The Mountain Yellow-legged Frog (MYLF) is now an official California endangered species. The state’s Fish and Game Commission made the unanimous decision Friday.
The action was the result of a January 2010 petition from the Center for Biological Diversity (CBD) requesting the commission to list the frog as endangered.
“The listing just emphasizes the critical state of this species,” said Adam R. Backlin, a U.S. Geological Survey ecologist with the Western Ecological Research Center. “The next steps are to continue efforts to stabilize and increase current populations and work toward establishing new populations within the historic range of the frogs.”
Actually there are two distinct MYLF populations — northern and southern frogs. The northern frogs are in the Sierras. The southern MYLF habitat stretches from the San Gabriel Mountains east to the San Bernardino and San Jacinto mountains. This population already was designated as endangered. The U.S. Fish and Wildlife Service issued a ruling in August 2002 making this determination. Four years later, the FWS designated critical habitat for the MYLF.
Consequently the state designation will have a more important effect on the northern population of the frog, although both populations have continued to experience declines. The Southern population has lost nearly 81 percent of its habitat sites in the past 15 years, according to a California Department of Fish and Game report submitted to the commission.
“The state listing doesn’t anticipate much for the southern MYLF,” said Mitch Lockhart, an environmental scientist with the California Department of Fish and Game. “It will be another layer of regulatory administration.”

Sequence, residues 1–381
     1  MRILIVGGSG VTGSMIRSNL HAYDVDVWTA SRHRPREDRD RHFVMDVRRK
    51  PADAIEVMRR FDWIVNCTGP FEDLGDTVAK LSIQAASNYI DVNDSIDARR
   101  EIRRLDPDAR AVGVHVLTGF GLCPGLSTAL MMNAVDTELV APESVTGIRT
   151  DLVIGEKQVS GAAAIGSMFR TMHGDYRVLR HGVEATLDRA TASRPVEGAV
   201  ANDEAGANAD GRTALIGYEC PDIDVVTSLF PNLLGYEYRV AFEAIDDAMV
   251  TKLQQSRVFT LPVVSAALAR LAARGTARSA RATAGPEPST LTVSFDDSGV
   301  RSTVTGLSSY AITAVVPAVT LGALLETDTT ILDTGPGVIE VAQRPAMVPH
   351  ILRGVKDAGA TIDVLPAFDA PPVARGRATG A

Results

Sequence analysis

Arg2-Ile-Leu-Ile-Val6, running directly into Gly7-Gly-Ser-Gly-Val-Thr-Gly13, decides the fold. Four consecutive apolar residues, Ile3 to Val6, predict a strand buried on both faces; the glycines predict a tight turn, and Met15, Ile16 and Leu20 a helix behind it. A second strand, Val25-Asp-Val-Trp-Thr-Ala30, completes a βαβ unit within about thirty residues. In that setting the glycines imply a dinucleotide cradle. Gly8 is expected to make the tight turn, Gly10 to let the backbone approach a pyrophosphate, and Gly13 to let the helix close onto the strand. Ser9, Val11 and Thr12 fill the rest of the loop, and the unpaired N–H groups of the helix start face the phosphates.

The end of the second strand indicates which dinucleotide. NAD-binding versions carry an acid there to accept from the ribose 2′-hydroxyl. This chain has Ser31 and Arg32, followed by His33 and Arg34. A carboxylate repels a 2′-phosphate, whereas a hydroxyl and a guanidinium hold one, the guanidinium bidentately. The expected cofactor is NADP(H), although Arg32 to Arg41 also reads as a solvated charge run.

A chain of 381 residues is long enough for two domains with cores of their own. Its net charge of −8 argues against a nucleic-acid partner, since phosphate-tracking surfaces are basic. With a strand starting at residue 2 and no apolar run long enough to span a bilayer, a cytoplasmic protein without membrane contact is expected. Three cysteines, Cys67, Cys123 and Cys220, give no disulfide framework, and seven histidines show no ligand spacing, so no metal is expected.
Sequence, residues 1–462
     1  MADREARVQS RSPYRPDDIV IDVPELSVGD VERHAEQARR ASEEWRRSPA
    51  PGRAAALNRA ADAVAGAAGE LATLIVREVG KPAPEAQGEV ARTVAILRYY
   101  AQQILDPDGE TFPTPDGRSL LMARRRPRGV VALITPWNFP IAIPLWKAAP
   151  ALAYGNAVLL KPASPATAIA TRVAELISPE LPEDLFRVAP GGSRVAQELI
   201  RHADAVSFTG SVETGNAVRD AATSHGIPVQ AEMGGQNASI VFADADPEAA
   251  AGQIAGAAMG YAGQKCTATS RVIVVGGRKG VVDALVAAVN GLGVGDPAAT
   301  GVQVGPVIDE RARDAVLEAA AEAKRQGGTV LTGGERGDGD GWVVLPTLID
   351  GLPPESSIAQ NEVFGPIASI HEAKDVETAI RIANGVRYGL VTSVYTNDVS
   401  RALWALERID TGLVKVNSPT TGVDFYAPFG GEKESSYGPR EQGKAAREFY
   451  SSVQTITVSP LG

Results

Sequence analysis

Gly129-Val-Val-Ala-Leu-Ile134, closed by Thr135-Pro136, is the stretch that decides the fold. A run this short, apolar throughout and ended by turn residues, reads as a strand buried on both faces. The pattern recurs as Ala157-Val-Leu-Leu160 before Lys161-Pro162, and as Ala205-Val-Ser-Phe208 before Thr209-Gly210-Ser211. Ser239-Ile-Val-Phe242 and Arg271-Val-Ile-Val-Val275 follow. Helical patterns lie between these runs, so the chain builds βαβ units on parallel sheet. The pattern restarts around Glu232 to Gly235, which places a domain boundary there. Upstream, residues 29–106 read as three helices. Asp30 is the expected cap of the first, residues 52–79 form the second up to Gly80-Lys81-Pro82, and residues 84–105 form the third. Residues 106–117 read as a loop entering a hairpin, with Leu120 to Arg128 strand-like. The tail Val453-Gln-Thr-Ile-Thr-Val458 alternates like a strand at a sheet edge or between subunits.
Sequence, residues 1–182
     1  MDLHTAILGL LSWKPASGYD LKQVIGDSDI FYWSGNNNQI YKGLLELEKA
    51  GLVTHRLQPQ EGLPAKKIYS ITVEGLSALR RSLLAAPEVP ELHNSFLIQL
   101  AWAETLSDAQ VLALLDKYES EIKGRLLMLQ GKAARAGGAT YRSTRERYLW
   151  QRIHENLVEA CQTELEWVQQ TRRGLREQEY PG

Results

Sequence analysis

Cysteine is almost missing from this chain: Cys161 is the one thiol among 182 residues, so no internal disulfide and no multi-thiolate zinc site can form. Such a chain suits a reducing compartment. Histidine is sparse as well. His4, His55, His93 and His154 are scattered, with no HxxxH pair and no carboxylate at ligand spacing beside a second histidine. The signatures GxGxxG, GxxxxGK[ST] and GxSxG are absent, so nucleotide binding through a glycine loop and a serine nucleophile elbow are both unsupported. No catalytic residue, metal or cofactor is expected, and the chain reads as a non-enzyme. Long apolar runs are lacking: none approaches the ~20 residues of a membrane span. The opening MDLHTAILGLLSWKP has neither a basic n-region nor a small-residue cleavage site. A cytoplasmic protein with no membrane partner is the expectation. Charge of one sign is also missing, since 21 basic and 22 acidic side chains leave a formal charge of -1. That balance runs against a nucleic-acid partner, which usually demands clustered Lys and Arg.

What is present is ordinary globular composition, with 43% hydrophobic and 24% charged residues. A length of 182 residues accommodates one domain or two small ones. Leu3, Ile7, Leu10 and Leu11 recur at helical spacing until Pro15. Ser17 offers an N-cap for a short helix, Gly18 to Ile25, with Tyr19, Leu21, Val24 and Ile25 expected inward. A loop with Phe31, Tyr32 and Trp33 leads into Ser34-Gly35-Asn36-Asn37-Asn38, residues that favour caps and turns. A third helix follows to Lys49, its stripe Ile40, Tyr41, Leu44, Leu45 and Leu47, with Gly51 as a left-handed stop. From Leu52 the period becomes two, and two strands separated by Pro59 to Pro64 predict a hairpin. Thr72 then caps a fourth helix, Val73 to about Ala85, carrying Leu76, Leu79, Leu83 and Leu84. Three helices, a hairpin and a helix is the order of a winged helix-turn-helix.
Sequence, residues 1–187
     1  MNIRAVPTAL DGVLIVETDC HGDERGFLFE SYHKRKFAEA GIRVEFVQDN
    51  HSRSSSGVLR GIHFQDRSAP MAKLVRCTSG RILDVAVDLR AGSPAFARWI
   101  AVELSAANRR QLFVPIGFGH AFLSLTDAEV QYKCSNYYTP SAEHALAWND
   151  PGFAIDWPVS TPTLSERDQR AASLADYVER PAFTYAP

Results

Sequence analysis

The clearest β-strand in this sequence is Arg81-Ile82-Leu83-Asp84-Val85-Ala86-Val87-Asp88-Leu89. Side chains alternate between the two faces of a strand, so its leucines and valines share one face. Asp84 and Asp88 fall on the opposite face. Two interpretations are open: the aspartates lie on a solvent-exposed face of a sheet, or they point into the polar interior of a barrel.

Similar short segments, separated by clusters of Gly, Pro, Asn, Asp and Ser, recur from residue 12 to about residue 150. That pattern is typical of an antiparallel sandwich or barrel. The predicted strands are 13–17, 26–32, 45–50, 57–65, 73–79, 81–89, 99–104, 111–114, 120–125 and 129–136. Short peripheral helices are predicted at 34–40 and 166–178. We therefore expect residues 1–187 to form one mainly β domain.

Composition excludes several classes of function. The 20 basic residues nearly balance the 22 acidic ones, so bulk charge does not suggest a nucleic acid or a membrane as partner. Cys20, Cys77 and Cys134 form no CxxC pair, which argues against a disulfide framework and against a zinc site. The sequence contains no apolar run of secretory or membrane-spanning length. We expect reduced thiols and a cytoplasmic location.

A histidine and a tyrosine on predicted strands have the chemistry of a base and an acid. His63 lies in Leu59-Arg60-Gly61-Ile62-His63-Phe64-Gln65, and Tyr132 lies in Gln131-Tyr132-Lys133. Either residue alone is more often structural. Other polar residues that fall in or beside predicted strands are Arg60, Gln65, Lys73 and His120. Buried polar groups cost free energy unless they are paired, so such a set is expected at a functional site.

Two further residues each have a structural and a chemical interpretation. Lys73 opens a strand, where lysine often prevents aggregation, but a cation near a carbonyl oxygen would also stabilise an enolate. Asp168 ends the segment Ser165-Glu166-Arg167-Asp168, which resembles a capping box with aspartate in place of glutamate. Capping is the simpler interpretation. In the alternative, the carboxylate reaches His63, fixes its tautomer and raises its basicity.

But restoration efforts have already begun in the area. The San Diego Zoo, in conjunction with USGS biologists, has bred the frog in laboratories and released the eggs in Indian Creek on the San Jacinto Mountain. The first release took place in 2010.
According to reports on the the James Reserve website, tadpoles were observed during each 2011 survey and officals are optimistic about the release efforts in 2012.
“We have detected tadpoles at our release site as recently as January 2012 and have plans to revisit the site in February,” said Backlin. “We are hoping these tadpoles survive the winter and morph into frogs in the summer or fall of 2012. We are planning additional releases at the same site in 2012.”
In addition to loss of habitat, MYLF populations have suffered from introduction of non-native trout into their streams. The state Fish and Game Department has already revised its stocking plans to account for the frogs’ habitat. Disease and habitat loss are other major reasons for the decline in the species’ numbers.
In addition, wild fires and firefighting techniques can disturb and potentially destroy the frog’s habitat. Fires and significant use of water from streams and ponds to fight fires, which depletes the streams or ponds where the frogs live, can change the amphibians’ habitat.
“[The designation] might affect firefighting, but I’m not sure of the full answer,” Lockhart said. “I do know there are concerns about firefighting practices when they overlap with existing frog populations.”
“It’s a giant step,” said Jeff Mill of the CBD, one of the petitioners. “Taking out exotic trout and getting rid of pollutants to restore mountain yellow-legged frogs will have ripple effects beyond these species — it’ll help to heal some of the damaged high-elevation habitats of the Sierras and Southern California mountains.”